So far I only have two real complaints about the story. I wish the game wasn’t so heavy-set about showing you when you are making huge choices or reminding you with text above the scene when events related to what happened prior have occurred or a choice you just made will influence the future. It would be far more fluid without these reminders mid-game and letting each book only tell you a handful of them when you get to the end (which is a really cool feature).
The other is how long it took for this game to start going somewhere. It wasn't until book 3 (and maybe the last scene of book 2) that we saw anything resolve at all. Make no mistake, this game is a slow burn, and the fact that the books (or episodes if you wish) are not self contained makes for cliffhangers all over the place within... thankfully with all the books in place, this is a very minor complaint, however.
Graphics: I’m going to be honest, the moment the game opened up I was rather amazed at what I saw before me. This is a game funded by kickstarter and written using the Unity engine, which if you spend any time online looking over free games, you will see used and abused a lot. Even the studios I’ve seen use it professionally, it’s usually left looking a little dated (even when the art style makes up for this). This game, however, you would likely suspect they bought the rights to use something more akin to Unreal or CryEngine… the game looks absolutely gorgeous. From the stone-work in the fantasy prison to the rain on the glass surfaces of the cyberpunk city to even the water look and movement in all places it appears, this game just hits all the notes it should to make the environments all come alive.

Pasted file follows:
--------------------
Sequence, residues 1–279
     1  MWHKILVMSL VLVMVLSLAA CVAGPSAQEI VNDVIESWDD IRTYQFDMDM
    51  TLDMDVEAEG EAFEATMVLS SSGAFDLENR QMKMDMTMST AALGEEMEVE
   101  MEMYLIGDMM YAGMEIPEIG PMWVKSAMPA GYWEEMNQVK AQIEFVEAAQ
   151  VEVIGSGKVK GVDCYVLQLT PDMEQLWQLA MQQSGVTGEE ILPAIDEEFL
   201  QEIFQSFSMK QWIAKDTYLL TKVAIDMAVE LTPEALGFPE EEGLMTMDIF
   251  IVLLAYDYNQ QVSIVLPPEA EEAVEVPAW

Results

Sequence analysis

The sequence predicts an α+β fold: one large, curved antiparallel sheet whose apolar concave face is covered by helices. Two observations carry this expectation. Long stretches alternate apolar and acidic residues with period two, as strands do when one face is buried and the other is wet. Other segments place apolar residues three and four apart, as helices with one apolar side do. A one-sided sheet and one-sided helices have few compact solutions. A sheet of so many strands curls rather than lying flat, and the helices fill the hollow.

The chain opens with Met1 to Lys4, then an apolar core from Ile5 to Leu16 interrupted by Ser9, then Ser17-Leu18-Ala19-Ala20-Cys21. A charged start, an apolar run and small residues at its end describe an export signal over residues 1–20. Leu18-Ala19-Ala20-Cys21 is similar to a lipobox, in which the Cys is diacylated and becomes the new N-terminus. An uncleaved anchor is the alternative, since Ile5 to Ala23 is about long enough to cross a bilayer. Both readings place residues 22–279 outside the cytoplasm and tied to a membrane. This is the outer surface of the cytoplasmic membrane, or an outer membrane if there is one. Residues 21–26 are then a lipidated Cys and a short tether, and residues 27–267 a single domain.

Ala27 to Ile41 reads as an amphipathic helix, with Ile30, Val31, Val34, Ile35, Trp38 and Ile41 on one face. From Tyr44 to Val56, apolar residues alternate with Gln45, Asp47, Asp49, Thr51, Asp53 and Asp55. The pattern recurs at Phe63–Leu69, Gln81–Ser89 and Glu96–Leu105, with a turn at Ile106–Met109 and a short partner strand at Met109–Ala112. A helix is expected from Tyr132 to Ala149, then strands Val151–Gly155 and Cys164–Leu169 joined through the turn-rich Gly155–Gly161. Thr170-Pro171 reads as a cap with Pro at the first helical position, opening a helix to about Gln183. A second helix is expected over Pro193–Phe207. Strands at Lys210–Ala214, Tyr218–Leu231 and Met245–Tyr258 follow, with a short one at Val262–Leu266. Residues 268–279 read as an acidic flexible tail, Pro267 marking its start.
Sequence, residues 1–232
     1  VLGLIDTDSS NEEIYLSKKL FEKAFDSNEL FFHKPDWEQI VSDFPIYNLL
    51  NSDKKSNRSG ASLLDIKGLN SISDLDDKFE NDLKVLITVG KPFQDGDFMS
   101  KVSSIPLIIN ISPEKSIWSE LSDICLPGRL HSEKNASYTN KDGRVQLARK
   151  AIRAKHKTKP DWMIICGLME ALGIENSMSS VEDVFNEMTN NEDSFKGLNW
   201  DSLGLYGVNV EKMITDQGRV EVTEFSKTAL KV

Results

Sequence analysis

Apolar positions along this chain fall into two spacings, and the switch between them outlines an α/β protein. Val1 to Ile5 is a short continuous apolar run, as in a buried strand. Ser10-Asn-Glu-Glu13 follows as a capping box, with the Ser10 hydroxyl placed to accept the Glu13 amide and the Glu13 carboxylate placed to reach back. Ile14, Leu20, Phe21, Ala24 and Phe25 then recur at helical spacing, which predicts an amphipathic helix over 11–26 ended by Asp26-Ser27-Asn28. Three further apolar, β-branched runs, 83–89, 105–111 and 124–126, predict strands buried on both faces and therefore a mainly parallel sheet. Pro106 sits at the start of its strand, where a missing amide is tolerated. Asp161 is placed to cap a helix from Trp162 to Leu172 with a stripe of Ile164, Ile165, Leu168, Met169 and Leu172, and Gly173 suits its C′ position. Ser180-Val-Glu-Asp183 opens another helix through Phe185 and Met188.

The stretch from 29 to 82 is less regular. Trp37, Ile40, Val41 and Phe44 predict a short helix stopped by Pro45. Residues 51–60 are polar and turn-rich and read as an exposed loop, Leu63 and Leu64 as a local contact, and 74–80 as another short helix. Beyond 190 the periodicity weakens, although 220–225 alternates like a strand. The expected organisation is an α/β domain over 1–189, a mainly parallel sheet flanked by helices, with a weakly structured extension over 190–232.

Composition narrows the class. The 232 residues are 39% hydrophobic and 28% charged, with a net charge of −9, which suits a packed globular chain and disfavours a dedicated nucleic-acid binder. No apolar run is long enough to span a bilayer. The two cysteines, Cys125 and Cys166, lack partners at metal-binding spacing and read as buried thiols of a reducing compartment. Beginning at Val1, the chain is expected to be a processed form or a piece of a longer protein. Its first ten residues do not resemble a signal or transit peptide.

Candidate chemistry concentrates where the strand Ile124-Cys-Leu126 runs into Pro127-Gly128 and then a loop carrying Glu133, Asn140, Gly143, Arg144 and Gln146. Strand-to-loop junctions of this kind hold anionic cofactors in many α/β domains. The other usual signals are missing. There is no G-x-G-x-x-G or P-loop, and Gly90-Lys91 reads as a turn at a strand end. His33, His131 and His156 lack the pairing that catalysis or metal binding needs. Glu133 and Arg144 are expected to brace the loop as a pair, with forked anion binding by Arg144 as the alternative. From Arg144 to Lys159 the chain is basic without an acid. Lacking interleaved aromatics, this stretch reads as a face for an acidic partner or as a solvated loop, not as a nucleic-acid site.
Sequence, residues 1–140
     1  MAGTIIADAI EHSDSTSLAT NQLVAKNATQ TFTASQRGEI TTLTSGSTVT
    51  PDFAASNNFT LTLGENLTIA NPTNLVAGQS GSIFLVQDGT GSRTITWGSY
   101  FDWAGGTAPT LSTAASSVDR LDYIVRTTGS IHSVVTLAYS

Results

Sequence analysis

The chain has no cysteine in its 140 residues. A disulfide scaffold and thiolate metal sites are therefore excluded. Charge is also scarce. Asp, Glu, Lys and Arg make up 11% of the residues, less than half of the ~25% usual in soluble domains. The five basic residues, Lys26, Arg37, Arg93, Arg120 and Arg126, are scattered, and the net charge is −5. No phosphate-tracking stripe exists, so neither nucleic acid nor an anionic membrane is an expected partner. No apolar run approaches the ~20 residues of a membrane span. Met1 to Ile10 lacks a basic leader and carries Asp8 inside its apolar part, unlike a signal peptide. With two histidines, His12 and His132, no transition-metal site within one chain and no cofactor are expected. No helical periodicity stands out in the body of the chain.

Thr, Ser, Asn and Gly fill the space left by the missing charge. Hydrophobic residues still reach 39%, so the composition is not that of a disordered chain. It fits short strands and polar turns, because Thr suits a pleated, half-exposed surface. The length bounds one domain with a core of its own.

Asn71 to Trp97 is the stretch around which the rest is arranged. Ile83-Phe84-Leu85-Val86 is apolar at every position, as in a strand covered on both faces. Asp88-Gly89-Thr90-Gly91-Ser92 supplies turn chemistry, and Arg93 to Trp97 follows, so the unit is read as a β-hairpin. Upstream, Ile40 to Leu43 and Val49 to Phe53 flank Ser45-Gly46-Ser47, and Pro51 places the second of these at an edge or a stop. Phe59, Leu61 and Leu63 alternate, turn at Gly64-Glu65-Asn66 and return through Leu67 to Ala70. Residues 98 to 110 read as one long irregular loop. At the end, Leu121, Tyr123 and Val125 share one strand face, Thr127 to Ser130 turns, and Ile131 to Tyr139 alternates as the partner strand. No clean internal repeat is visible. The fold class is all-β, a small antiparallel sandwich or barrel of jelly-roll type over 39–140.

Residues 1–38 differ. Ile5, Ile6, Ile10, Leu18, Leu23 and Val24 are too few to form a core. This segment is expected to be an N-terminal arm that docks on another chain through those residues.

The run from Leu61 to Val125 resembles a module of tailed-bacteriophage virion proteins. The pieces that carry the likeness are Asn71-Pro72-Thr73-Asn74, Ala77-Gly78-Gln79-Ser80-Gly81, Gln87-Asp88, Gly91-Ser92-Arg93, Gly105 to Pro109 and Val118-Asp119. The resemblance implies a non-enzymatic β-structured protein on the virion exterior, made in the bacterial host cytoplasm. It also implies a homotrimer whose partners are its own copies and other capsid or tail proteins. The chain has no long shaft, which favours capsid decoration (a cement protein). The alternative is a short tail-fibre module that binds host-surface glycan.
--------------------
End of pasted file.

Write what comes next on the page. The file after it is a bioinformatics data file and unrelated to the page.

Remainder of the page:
And the people who inhabit these worlds are also very well done. Granted they are not photo-realistic, but they animate smoothly and seem to walk close to the photorealism detail a lot of people want to see, but at the same time keeping it a little more simplified to avoid the uncanny valley. The end result of this is that we have a game that looks somewhere between high-end CGI movie and modern FPS shooter.